Leaders don't necessarily have to be in a position of authority, but they all have one thing in common - they are excellent at organizing a group of people to achieve a common goal or vision. Therefore, it is imperative to have that vision well defined. Your ODR program has to have a well-articulated vision, preferably in writing, and be well communicated throughout the organization. Defining the ODR vision can be as easy as answering this simple question: How will your operators contribute to the maintenance process and overall reliability of the equipment they operate?

Visions differ from company to company. The answer to the aforementioned question must fit with your business goals and corporate culture. It should also incorporate your current reliability strategies and practices. So don't just adopt some other company's vision. Define your own ODR vision then strive to make it become a reality in your organization.

Top management leadership is critical in the successful implementation of an ODR program. Support must come from the top; they must show commitment to ODR. This gives the program credibility and ensures proper funding and resources are available. This top-level support also ensures the program has good visibility and demonstrates its importance within the company.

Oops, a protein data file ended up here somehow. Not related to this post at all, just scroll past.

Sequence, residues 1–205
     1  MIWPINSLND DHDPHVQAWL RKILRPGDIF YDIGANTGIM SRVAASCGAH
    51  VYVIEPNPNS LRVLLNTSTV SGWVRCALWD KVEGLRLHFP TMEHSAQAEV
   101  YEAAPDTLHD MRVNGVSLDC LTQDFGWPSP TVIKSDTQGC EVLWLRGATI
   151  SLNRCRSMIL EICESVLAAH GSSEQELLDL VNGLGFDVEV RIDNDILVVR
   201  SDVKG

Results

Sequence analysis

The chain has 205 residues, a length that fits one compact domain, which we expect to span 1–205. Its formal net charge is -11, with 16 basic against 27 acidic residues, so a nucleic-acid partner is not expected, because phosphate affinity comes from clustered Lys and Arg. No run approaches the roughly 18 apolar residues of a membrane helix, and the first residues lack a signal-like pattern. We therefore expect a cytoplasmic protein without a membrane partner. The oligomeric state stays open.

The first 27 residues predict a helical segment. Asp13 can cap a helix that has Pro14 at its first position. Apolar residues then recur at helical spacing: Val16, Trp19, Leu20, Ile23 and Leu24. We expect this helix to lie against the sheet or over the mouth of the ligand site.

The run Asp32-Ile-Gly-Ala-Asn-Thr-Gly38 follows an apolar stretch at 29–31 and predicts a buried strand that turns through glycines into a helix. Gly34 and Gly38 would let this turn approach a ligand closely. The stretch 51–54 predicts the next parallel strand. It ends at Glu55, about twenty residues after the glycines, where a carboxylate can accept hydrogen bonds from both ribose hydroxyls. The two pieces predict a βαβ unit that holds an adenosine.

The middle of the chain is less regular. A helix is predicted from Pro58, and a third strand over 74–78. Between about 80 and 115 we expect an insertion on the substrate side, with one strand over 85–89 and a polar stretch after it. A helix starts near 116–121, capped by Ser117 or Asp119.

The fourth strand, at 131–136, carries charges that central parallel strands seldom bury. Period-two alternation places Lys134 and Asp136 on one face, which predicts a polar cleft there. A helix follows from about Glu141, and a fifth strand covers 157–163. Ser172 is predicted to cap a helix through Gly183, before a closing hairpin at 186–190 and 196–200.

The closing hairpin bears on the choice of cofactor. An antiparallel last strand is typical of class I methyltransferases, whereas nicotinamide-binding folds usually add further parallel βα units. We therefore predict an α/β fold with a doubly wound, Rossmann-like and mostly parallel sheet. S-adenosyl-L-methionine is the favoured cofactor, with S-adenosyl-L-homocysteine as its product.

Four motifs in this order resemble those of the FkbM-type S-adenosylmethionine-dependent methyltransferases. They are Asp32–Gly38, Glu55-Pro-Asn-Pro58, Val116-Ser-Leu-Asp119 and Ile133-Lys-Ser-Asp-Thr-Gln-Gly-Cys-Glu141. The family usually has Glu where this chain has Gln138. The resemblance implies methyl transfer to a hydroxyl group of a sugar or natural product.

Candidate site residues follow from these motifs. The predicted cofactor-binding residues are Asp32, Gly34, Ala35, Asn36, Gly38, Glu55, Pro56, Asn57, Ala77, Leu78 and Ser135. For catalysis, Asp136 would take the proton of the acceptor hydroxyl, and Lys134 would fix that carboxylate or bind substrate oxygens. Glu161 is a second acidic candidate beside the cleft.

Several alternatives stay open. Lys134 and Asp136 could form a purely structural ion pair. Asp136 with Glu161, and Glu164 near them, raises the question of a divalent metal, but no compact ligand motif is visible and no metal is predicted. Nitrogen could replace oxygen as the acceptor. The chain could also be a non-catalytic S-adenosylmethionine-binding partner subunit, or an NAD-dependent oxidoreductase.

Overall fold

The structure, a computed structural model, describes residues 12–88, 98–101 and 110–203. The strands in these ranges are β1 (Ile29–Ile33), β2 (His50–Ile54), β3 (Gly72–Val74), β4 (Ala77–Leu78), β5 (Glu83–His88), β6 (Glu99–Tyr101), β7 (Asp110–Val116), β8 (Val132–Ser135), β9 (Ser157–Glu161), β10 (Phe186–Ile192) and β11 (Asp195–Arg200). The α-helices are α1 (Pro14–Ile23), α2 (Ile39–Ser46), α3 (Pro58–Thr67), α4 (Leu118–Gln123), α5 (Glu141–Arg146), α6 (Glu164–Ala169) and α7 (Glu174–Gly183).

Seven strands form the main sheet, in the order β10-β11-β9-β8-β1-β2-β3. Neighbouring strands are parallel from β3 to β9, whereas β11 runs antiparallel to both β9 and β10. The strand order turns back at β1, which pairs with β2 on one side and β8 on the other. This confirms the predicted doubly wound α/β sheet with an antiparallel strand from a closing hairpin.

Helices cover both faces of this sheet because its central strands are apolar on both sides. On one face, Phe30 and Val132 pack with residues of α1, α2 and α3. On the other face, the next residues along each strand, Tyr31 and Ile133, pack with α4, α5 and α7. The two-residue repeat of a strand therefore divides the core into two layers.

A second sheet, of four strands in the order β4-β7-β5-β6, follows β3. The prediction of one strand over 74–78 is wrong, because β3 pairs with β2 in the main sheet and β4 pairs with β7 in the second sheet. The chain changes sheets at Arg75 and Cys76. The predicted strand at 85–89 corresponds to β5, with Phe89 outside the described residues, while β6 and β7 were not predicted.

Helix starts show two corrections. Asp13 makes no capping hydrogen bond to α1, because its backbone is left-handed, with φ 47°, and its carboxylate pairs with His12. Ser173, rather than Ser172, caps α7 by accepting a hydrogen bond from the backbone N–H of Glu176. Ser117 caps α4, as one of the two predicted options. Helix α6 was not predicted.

But do not stop at the top! It's just as important to garner commitment, ownership and accountability from the operations team. Since ODR is a process that operations will own, it needs to take a leadership role from the start. It is very difficult for operations personnel to adopt and execute operational changes if they do not have a role in leading and designing the program. Identify operations' key supporters as they are a great source for quick wins. Start recruiting ODR sponsors and champions within the operations team and allow them to be leaders throughout the program development and rollout.

Finally, delivering ODR results is an enterprise-wide endeavor. In fact, the best ODR programs rely on leadership from other company areas, like engineering, maintenance, procurement and planning. ODR needs multidisciplinary support to be successful. You need a broad perspective of other departmental disciplines to have an impact on asset and process reliability and performance. For example, oil leaks must get fixed, inferior quality assets need to be upgraded, maintenance practices need to be improved to precision standards - all of these things are important. Great leaders are not always easy to find. However, they are the key to implementing and sustaining ODR by assuring people are doing the right things and being held accountable for producing excellent results.

authorDave Staples, Business Development Manager, SKF Reliability Systems, has over 20 years of industrial experience specializing in asset reliability technologies and asset management services. For the past 6 years Dave has been focused on helping customers implement and sustain Operator Driven Reliability programs. www.skf.com

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